Wednesday, January 12, 2011

Feeding Tetramorium

When feeding my ant colonies I typically buy $1 worth of crickets. At pet smart this equals about 8, at other pet stores it's as many as 12 or more. Rarely do I end up using them all in one sitting. Once I get home the crickets are promptly put in the freezer to both kill them, and hopefully whatever mites they had. Flesh eating mites are near imposable to get rid of once they infest an ant colony, and even more so for ones in captivity as they lack the ability to change nest locations repeatedly. I've found that most mites don't eat live pray but can be equally devastating by out compete the colony for food once introduced.

After an hour the crickets are removed from the freezer, cut up with scissors and placed into the foraging area. The ants don't actually begin eating until they've warmed up to room temperature. This takes about 15 minutes.

Years and years of this routine have gotten somewhat boring though. I occasionally feed them live ground nesting termites when I can but even then I'm careful about the amount of soldier termites added. I'd never feed live termites to any colony I wouldn't believe could handle them. Young Myrmica queens are an exception as they hunt for pray items, and are on par with owning a pet scorpion. As it's winter time there are no termites to be found outside, so I'm left to entertain other options.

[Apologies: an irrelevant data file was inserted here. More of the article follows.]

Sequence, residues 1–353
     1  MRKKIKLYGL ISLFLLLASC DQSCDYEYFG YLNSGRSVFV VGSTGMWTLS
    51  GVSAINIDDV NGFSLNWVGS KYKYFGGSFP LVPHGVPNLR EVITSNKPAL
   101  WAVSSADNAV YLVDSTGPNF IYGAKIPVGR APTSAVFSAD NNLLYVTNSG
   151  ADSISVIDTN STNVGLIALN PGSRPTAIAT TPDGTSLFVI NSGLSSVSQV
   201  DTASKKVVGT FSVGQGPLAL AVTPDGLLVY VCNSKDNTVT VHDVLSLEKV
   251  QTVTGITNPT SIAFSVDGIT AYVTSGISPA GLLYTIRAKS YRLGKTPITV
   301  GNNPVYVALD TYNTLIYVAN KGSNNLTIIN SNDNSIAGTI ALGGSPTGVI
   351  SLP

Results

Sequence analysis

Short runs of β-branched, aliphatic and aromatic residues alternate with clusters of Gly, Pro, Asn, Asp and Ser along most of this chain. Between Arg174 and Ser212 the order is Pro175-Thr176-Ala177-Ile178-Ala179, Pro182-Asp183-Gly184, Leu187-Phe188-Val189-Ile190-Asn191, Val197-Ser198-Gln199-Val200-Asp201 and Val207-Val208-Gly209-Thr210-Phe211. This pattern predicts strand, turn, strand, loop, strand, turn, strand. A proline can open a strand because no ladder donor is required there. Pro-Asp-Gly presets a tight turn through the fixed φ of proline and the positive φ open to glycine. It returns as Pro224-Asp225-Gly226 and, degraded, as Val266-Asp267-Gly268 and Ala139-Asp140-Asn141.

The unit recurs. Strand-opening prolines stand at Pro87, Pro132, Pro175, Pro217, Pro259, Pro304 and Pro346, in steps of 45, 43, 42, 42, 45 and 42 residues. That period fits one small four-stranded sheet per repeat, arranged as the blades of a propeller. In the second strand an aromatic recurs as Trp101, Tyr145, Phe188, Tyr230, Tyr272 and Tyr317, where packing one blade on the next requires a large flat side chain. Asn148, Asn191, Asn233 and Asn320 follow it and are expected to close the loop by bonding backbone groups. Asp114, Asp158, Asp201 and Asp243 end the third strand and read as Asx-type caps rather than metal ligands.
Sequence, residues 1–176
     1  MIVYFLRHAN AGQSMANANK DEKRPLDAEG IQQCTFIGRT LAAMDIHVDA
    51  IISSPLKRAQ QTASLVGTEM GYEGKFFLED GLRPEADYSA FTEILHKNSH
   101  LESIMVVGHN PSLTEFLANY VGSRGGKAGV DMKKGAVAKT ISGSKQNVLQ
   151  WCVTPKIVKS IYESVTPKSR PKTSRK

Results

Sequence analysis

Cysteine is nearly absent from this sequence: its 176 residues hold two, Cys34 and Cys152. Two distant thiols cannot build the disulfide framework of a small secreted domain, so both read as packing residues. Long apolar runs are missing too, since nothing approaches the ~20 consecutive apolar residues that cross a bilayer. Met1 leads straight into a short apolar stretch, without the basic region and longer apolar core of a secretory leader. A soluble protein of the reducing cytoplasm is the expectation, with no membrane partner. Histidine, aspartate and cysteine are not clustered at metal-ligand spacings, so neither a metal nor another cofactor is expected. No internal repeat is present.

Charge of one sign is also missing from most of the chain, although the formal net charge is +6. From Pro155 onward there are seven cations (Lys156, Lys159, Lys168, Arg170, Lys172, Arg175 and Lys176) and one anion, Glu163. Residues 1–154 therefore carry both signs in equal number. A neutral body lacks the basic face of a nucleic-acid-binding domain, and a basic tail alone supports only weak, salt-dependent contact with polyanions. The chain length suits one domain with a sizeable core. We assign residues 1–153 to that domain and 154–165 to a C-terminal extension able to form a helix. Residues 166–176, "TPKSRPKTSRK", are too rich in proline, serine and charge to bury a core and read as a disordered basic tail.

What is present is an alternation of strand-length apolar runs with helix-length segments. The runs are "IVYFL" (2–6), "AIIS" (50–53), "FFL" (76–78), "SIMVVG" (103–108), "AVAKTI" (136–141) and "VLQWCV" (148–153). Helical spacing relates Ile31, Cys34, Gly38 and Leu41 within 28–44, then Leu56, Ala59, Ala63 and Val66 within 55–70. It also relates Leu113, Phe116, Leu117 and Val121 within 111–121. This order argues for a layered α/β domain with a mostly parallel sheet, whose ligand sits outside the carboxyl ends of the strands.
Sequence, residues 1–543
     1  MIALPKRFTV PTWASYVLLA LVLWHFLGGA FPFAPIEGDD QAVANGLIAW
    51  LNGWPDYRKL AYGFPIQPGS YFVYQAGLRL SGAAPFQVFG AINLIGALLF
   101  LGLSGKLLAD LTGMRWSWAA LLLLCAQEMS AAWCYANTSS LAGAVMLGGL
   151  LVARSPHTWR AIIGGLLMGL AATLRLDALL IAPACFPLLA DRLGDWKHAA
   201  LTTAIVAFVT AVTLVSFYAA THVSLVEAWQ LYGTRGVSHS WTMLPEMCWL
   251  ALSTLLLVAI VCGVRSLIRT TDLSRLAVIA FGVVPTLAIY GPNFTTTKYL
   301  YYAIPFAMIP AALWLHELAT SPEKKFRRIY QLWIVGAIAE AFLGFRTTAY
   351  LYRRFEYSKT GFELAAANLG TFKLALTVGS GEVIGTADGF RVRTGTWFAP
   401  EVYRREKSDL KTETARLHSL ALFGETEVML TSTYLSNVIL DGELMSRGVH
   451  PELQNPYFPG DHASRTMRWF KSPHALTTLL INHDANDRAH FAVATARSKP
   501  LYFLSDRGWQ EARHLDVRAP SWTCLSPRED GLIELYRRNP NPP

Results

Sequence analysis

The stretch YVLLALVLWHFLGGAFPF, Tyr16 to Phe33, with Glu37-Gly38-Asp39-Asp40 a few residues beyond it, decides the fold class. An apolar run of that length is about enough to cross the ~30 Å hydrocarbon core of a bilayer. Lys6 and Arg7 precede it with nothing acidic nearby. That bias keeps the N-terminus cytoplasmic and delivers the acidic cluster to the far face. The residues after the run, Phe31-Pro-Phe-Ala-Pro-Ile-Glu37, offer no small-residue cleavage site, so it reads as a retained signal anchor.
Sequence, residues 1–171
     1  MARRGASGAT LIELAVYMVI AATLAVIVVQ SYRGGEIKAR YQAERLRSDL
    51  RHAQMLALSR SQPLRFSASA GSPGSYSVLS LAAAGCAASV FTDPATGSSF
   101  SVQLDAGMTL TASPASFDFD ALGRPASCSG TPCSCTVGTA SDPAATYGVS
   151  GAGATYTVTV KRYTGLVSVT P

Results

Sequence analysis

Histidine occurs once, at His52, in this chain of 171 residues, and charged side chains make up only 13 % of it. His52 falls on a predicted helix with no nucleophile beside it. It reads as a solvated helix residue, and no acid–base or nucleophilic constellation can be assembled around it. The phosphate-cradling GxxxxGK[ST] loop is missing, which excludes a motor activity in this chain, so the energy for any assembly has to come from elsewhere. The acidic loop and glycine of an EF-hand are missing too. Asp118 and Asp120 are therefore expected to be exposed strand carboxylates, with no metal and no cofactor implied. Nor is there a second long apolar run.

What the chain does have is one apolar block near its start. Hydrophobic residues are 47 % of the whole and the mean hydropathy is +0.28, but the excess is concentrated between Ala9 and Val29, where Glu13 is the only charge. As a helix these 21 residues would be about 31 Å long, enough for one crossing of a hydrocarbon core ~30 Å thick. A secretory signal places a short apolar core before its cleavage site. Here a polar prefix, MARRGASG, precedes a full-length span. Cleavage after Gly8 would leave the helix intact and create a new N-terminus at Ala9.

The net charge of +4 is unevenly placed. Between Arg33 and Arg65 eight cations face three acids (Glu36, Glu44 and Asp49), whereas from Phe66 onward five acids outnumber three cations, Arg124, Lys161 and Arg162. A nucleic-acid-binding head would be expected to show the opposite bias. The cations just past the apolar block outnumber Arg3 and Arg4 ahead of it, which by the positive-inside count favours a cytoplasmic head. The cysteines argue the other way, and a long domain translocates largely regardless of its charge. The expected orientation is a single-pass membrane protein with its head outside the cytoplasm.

While at my favorite pet store I noticed they started selling Horn Worms, Manduca sp.  Fun Fact: I used to think Tobacco and Tomato Horn Worms were the same species. It turns out they're not! M. quinquemaculata (Tomato) and M. sexta (Tobacco) are two species that simply use the same host plants. One internet source says the difference is the Tomato Horn Worm has an additional stripe but I've found that this isn't the case. Considering store bought caterpillars lack their normal pigment I don't think this caterpillar is identifiable at this stage.

Captive fed caterpillars like this are becoming more common in pet stores. I'm told they're safe for consumption by lizards and reptiles etc... because they aren't fed their normal food. Wild caterpillars that have their natural green pigment are quite toxic and stuffed full of nicotine, a natural pesticide. I decided to feed one of these nontoxic caterpillars to one of my ant colonies as an experiment.

I decided on a live feeding to see if they could bring the beast down. The caterpillar put up a good defense bashing the ants off and rolling over them.

It even started secreting liquids at one point that seemed to make the ants stop attacking. It was always hard to make out though, It would glob out as a droplet that quickly soaked into it's skin.

Eventually the ants just started wondering about instead of stinging and biting it.

Slowly the ants called off their assault and stopped bothering with it.

Pavement Ant Colonies (Tetramorium species E.) while invasive don't have the vigor in them to be anything more than a scavenger. However their colonies can displace our native ants through harassment, and excessive territory demands. In the end the caterpillar starved to death and the ants didn't even bother with it's corps. I don't recommend them as a food source to anyone.